Tiananmen and After
On 4 June 1989, events in Tiananmen Square in Beijing created a tremendous impact on Hong Kong and shattered any confidence that had remained after the signing of the Joint Declaration. The chain of events leading to the tragedy began on 15 April 1989, with the death of former CCP General Secretary Hu Yaobang, who had been dismissed in 1986 for not being harsh enough on student demonstrations in 1986.1 Hu’s death led to a wave of pro-democracy demonstrations throughout China. The dissension was given added impetus three weeks later, on 4 May, with the commemoration of the seventieth anniversary of the May Fourth Movement.2 On 13 May, students in Beijing started a mass hunger strike and occupied Tiananmen Square, the spiritual heart of the nation, demanding democratic reforms and anti-corruption measures. The students were joined by workers, swelling the demonstrations to over a million people. By 20 May, martial law had been proclaimed and, on 4 June, tanks and soldiers entered the Square, indiscriminately firing on the protesters.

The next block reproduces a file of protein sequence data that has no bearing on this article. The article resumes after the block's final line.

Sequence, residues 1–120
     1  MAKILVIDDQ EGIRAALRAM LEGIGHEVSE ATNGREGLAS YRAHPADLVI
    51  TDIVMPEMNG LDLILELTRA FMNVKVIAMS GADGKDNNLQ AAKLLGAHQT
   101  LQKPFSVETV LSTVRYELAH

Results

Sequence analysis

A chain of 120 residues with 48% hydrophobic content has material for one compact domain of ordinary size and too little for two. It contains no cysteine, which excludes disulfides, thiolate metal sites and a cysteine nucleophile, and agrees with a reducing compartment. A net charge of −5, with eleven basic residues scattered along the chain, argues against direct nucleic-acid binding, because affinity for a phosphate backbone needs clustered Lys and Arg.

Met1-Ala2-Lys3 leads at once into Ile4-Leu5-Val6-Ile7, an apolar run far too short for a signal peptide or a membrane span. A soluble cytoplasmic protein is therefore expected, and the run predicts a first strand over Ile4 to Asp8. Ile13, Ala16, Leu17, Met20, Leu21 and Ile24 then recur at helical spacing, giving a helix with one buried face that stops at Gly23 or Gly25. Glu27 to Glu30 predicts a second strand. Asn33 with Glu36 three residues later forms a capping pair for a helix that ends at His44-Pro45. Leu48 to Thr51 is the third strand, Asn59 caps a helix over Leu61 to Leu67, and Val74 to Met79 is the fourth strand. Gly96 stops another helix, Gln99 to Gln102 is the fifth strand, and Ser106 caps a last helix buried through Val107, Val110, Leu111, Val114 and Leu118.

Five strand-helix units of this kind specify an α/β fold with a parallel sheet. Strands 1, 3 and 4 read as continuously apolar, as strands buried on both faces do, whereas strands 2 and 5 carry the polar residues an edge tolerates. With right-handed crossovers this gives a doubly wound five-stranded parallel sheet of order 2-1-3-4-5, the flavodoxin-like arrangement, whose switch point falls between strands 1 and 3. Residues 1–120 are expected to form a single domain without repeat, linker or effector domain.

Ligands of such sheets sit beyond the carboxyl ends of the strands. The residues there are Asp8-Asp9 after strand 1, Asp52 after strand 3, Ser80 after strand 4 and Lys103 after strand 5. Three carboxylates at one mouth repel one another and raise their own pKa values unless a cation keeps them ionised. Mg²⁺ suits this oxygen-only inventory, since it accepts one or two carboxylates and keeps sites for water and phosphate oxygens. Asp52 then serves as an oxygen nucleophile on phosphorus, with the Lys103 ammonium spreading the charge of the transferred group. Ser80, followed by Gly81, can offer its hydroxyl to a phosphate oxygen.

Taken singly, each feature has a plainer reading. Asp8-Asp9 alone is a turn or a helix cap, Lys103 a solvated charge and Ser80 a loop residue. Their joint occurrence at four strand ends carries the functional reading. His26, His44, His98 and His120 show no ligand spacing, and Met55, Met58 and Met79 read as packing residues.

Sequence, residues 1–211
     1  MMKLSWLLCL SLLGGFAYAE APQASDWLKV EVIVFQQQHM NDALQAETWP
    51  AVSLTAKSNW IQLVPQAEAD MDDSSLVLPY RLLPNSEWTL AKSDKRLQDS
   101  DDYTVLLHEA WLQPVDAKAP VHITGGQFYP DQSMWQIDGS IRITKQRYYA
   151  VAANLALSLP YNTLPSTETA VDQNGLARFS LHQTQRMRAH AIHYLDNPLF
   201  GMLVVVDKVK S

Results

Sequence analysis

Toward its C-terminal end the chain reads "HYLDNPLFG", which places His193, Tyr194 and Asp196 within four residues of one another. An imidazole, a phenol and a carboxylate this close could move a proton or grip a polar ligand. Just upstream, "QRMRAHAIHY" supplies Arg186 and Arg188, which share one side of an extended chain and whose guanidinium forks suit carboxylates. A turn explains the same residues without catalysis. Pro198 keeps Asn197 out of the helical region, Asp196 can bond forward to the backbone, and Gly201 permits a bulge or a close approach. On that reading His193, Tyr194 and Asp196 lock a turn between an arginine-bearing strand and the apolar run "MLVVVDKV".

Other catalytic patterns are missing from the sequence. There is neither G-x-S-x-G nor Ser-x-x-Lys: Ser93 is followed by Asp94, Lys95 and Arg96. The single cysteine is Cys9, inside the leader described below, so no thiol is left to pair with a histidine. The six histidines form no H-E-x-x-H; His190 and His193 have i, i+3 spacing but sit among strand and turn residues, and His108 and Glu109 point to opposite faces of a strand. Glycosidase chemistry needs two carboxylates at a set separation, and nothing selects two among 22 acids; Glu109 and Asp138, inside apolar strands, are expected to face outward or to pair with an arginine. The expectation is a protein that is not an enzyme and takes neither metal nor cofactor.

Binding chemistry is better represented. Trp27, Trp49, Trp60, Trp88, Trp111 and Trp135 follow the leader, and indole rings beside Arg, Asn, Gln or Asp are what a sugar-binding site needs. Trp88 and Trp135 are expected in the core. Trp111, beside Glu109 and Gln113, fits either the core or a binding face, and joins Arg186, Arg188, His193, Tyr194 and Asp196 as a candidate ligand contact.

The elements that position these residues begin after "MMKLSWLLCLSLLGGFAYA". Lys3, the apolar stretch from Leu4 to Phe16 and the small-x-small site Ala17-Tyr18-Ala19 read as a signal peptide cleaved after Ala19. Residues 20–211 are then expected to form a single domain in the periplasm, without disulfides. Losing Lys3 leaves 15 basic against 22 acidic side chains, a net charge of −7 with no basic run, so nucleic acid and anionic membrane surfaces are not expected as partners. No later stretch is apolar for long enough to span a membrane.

KeywordsElectoral College Direct Election Democratic Reform Legislative Councillor Joint Declaration
Unable to display preview. Download preview PDF.
- 9.Frank Welsh, A History of Hong Kong (London: HarperCollins, 1994) p. 181.Google Scholar
- 12.Cited in Brian Hook, ‘Political change in Hong Kong’ in David Shambaugh (ed.) ‘Greater China: The Next Superpower?’ (Oxford: Oxford University Press, 1995) p. 196.Google Scholar
- 20.Reported in Lau Siu-kai, Society and Politics in Hong Kong (Hong Kong: Chinese University Press, 1987)Google Scholar
- 28.Norman J. Miners, The Government and Politics of Hong Kong (Hong Kong: Oxford University Press, 5th ed., 1991) p. 24.Google Scholar